“I prepared so thoroughly in writing complete sentences that went with each other,” says Serber, exhausted from a sleepless night, anxious over having to explain her complicated thoughts in an interview context. She keeps one eye on the color-coded document on her screen, marked with titles like ‘disgust’, ‘dependency’ and ‘visibility of container’ and partially paraphrasing Wikipedia entries. Serber clarifies, “I’m trying to not look at my notes.”
**It’s funny, you’re doing an interview with me to be interpreted but you’re also wanting to control that interpretation, while refusing to be interpretable.
Sophie Serber: Yeah. I think once you’re seen you’re dead, but then if you’re not seen then you can’t connect, or merge with other people.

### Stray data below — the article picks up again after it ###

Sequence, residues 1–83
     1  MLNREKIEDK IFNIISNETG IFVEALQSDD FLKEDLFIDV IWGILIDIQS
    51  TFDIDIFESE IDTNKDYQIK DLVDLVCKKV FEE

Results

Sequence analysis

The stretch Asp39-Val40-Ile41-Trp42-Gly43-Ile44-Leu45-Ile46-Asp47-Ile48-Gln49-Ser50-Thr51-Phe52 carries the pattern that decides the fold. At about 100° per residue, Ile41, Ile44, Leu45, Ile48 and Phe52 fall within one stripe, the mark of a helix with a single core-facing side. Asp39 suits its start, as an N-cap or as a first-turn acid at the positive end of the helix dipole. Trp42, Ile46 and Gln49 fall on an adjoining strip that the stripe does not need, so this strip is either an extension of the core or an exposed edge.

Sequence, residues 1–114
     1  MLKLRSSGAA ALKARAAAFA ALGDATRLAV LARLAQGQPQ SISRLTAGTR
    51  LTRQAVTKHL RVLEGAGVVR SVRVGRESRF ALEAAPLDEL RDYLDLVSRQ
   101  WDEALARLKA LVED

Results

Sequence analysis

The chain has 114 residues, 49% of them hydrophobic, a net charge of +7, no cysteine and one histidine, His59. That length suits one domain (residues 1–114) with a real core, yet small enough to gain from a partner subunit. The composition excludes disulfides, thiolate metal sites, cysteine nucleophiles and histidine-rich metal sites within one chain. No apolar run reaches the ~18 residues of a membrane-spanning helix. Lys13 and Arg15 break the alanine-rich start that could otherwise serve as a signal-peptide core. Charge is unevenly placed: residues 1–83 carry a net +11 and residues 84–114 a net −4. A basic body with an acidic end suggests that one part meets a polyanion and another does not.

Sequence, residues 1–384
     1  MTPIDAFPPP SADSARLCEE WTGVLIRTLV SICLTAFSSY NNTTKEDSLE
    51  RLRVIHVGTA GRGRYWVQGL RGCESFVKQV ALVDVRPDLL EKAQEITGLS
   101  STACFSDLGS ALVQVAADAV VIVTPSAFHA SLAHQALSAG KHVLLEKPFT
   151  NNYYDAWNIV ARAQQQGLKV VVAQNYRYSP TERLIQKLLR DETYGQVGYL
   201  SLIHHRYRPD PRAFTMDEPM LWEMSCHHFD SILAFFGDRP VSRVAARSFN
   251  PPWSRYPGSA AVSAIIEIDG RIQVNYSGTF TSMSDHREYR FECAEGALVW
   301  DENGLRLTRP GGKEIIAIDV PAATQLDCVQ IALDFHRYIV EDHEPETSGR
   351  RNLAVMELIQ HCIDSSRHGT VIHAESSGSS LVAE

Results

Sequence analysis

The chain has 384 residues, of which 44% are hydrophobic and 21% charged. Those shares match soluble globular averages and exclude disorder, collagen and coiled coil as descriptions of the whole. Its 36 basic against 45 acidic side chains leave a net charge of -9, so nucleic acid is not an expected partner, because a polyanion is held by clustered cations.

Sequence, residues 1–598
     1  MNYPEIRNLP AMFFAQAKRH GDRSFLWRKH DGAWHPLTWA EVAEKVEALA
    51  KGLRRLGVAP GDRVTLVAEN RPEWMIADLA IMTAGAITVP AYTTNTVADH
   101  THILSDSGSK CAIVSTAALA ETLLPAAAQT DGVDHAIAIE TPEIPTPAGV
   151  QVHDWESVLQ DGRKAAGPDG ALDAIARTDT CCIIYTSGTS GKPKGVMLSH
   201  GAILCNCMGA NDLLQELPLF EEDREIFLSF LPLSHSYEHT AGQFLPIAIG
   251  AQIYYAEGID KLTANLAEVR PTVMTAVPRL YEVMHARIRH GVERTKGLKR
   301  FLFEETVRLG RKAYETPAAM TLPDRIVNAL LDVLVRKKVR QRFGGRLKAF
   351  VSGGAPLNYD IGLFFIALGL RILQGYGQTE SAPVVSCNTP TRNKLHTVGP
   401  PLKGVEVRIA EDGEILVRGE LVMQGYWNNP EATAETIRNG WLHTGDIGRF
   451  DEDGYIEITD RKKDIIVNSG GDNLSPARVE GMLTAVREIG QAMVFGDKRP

**So, being seen, or being able to communicate is a social adaptive behavior?
SS: What do you mean?
**Well, you’re saying you don’t want to be visible, but then being visible is a way of connecting to other people. So that implies that connecting with other people is important. Therefore, you’re adapting your behavior in order to connect.
SS: Yeah. I guess I want to be able to be useful in a certain way, or like I’m very dependent. So, I think in order to give back in some way, I need to be understood or need to be visible because people are really satisfied by that.
**So then how do you achieve visibility?
SS: Well, I guess in the sound work, I try and do that. There are options. In some ways people have to be okay with ‘placeless-ness’ or being okay with not having a place to put you. So sometimes I think about communicating with options to communicate without language, or without words, something pre-linguistic. Affect—is affect enough?
**Can you tell me something about how you started your art practice?